“The hardest part about it was especially when I got started, and Humans of New York didn’t have any fans, and it wasn’t made into any books, and my family didn’t believe in it, and my friends thought I was crazy. I had no photography experience. I’m in New York City stopping random people and asking them questions. I’m feeling insecure.”

“When you walk up to somebody and you ask them if you can take their photo and they respond like you’re some sort of freak or that you’re weird, it’s hard to not internalize that because you’re so insecure at the moment about whether or not what you’re doing is weird and if it’s something that – am I weird for asking these people for their photographs? I’d go out some days, and ten people in a row would make me feel like I’m some sort of freak.”

“Like, “Do you know what city you’re in? You can’t be stopping random people. Get out of my way. What are you doing? No, you can’t take my photo. Get out of here.” And during my formative and impressionable early days when I’m trying to figure this out, five reactions like that in a row when nobody’s paying attention to your work, and you’ve been trying for months, and you can’t figure it out, psychologically was very tough. There’d be days where that would happen, and I just couldn’t do it anymore. I would just go home and lay in bed.”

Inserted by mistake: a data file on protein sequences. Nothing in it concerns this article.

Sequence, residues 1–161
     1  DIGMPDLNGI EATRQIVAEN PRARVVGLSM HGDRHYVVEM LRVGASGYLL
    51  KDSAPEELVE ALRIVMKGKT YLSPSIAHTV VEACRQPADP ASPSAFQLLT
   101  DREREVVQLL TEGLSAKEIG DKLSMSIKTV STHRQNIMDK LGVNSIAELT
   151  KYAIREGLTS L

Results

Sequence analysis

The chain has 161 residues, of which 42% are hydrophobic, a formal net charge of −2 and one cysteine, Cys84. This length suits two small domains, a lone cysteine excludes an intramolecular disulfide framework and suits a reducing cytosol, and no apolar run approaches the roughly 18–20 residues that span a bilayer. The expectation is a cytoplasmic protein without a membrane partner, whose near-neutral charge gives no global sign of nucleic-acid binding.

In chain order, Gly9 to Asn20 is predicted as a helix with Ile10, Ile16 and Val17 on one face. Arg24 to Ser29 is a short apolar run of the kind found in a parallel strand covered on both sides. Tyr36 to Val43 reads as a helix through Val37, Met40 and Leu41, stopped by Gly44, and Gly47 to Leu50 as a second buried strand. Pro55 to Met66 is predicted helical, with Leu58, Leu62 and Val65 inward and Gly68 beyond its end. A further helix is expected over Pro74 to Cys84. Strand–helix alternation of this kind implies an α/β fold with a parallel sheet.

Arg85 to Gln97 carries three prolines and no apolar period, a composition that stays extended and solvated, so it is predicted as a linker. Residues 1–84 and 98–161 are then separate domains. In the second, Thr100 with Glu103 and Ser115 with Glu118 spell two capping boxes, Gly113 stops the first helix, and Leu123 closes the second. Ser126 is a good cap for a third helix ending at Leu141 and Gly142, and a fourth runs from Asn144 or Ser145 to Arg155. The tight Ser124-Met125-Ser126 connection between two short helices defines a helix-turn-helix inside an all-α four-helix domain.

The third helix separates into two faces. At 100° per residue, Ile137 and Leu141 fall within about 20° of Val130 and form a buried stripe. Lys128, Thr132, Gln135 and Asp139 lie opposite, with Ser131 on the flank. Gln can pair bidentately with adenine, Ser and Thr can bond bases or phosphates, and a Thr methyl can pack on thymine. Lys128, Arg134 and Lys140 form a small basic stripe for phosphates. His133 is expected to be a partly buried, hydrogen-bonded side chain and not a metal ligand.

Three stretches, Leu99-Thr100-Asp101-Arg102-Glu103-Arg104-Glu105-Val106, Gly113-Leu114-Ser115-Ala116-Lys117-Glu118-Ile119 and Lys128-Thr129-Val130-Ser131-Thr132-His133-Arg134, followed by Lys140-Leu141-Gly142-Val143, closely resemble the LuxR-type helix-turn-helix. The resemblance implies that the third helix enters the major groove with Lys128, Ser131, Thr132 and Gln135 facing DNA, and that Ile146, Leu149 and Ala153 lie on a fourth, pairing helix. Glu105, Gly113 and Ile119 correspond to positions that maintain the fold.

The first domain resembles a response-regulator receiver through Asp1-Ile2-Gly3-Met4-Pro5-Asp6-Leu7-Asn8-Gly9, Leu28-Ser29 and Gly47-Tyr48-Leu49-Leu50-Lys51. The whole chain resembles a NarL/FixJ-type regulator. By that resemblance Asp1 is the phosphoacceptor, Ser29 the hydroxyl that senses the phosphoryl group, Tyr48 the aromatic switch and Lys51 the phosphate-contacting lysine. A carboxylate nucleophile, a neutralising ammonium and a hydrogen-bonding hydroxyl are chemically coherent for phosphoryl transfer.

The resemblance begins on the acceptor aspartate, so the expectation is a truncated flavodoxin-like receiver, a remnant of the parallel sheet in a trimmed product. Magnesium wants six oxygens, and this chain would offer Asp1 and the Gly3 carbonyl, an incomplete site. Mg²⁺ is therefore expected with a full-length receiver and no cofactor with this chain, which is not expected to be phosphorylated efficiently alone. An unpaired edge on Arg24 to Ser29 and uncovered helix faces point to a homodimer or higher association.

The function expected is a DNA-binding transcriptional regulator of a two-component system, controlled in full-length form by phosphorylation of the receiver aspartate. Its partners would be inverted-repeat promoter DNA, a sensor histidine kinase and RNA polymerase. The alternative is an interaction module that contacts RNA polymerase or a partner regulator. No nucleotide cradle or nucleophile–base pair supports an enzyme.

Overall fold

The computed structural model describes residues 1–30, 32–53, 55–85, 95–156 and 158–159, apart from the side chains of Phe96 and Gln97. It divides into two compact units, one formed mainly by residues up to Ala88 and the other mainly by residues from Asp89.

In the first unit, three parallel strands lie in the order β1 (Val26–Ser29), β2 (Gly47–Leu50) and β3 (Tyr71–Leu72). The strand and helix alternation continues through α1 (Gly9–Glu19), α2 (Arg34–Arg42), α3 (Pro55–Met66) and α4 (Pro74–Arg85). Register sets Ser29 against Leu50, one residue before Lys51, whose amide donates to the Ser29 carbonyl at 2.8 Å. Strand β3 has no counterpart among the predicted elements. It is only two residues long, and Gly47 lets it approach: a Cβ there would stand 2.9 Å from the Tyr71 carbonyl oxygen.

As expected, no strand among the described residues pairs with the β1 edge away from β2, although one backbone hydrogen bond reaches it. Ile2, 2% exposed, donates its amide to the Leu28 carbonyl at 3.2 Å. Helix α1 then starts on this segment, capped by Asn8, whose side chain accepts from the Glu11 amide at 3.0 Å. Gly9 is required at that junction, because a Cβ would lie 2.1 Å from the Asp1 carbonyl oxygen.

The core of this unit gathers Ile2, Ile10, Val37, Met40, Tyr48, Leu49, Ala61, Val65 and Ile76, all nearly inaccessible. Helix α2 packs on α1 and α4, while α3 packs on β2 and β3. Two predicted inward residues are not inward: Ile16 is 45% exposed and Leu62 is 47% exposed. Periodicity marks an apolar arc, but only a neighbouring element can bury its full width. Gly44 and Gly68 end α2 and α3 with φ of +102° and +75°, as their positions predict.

“It was all of the doubt, and not having any money, and nobody’s paying attention, and I’m just doing this all day long for months. The loneliness too, I didn’t know anybody in New York. I knew two people. There was a Christmas break where those two people went home, and for two weeks, I didn’t see anybody that I knew. I remember I spent Christmas Eve alone at a diner. Then I just went out and photographed because it was the only thing that would keep me from thinking about how unlikely it was and how stupid of an idea it might be.”

“The only thing that I think kept me from thinking about the possibility of failing was doing it, was just photographing. Whenever I started to think, “Is this gonna work? Is it not gonna work?” I’d just go out and photograph. That was my only way of keeping those wolves away of, “Is this ultimately going to be a success? Am I wasting my time? Am I stupid?”

“The only way to keep those away was to go out and work. So that’s what I would do just all day long and do it and do it and do it. These negative things like the rejection of people and people saying no that I was talking about, all of the negative stuff, the thing that was counteracting that all the time was just loving it so much. I just loved it so much.”


Onward.
MaryAnn

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The Art of Coaching Improvisationally

“The five minutes before the coaching conversation begins are the most important five minutes of the whole encounter.”